Digging out the carcass was harder work than he thought. 

It took Hubs well over an hour.  His back is killing him.  So is mine, but I think it's from weeding. 

Gone are all of the funky reminders of death. 

The wreckage. 

Another weedy bed. 

Planting the new butterfly bush.  We just couldn't leave that space this year.  We have planted it, watered and mulched it.  I even fed the heck out of it.  Though I normally don't feed, I have to this year.  It was a horrible winter resulting in just awful loss. 

Look at how beautiful it is compared to the gacky death that was there just hours before.

Hubs edged and mulched.  We still had some mulch from last year.  It was good enough for a skim coat.  Fine with me. 

Inspecting his work.

Lookie loo!  So nice! 

And down here, too!  For those interested, we kept with the invasive run of wild blackberries and milkweed.  Butteflies are nectaring at the milkweed and we don't want to pull what could be baby monarch caterpillars.  The milkweed only lasts a few weeks.  We'll let it run its course and we'll pull what is in the grill area.  We'll leave the rest be.  That way, we'll be able to have s'mores at some point this summer. 

The side back bed.  Much better now. 

The tree lawn pile of wreckage.  K helped me haul it. 

The front.  Much nicer than what we used to have going on. 



Bee balm.  Fun stuff!

Perennial geranium.

Butterfly weed. 

Crown vetch, though it was pulled right after this photo.  A bit invasive.  Pretty, though.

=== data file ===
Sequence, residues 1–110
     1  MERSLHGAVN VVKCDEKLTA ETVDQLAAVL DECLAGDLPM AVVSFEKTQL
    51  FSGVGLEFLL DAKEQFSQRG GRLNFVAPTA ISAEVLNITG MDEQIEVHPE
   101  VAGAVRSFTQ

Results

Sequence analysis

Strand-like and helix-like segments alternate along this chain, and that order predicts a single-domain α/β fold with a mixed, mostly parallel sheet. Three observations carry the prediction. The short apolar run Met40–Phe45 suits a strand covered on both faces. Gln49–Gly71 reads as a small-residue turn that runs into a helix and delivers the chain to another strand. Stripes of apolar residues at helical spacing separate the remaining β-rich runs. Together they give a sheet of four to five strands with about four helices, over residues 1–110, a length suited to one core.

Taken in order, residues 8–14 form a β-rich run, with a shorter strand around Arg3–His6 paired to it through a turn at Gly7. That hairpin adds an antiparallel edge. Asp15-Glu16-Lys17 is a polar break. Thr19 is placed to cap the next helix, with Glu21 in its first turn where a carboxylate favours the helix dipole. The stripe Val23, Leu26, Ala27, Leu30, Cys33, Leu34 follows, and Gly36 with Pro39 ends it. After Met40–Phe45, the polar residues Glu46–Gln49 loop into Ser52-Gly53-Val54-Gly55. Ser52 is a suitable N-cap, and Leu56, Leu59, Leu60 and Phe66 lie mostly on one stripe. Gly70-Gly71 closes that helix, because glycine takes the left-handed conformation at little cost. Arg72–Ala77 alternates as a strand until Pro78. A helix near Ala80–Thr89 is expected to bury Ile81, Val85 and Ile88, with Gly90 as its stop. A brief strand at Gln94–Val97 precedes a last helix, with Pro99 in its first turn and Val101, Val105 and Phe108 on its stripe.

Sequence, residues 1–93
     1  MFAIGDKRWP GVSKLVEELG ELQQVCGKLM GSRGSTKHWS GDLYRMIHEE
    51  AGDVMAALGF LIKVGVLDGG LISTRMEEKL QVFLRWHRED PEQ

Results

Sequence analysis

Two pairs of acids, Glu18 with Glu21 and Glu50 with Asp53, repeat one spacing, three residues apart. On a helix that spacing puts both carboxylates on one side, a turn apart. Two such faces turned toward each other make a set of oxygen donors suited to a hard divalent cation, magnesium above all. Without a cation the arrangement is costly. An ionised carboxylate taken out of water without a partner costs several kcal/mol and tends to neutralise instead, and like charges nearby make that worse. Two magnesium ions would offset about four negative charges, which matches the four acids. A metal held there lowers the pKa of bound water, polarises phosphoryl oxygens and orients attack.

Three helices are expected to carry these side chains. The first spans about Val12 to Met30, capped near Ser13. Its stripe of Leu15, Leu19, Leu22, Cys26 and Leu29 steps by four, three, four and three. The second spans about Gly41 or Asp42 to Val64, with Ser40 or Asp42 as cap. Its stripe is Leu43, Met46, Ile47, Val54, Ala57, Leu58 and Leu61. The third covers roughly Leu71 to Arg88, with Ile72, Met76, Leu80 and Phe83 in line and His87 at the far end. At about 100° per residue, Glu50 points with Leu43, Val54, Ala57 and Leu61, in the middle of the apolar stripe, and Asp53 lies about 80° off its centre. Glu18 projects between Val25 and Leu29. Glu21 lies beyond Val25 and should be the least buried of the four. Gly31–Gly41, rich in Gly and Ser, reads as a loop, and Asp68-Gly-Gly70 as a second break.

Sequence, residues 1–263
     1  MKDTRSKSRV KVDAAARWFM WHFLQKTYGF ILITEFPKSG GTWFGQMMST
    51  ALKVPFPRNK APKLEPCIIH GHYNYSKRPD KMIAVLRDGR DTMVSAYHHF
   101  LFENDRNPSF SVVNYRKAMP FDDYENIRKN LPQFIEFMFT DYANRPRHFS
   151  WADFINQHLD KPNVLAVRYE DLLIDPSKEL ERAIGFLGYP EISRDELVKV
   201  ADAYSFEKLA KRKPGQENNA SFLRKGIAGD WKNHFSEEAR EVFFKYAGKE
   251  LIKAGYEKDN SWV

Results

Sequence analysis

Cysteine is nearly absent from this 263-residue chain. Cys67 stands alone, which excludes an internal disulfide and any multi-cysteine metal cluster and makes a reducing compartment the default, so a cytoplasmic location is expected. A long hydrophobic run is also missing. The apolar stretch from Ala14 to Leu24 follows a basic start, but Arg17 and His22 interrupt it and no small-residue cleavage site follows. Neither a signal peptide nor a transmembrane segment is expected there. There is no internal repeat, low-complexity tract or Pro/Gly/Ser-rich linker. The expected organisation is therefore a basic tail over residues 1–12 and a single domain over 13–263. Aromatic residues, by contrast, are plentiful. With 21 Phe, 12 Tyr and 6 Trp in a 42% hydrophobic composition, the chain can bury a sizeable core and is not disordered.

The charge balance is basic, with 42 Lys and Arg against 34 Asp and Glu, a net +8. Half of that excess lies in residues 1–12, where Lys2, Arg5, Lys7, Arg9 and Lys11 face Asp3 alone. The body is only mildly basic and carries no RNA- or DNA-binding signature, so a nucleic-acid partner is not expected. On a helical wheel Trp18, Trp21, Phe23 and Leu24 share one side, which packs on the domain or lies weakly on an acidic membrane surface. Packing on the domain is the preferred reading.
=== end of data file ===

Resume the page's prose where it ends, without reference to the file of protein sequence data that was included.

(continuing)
White yarrow from Cj's farm.

Potentilla.

Clematis. 

Yellow day lilies.

Milkweed.

Goosenecks, though I just found out today that they are a variety of Loosestrife. 

Baby tomatoes!

The pink yarrow up front. 

White coneflower. 

Cosmos.  Reseeded from last year. 

Purple coneflower. 

Lavender.

Lime green nicotiana that I originally planted in 2007.  I haven't planted it since. 

A new plant.  

My morning glories!  

A day lily volunteer.  Didn't plant it, I promise.

I didn't plant this one, either. 

The top of the rain barrel. 

My guard system for the corn.  The rabbits keep eating it. 

Beans and many lovely flowers! 

This wind is nice.  I wonder what that is over there?

Such a nice breeze to sniff.

\
Mom, you really have to put that thing away.

A butterfly!  A Great Spangled Fritillary.  It made our hearts happy to see that. 

The reason we didn't remove the extraneous milkweed. 

Look! 

A Stag Beetle! 

Ewwww.  And a larval Stag Beetle.  

And a dragonfly.  

A lot of gardening was done this weekend.  Here's to hoping we'll get a lot of butterflies as a result!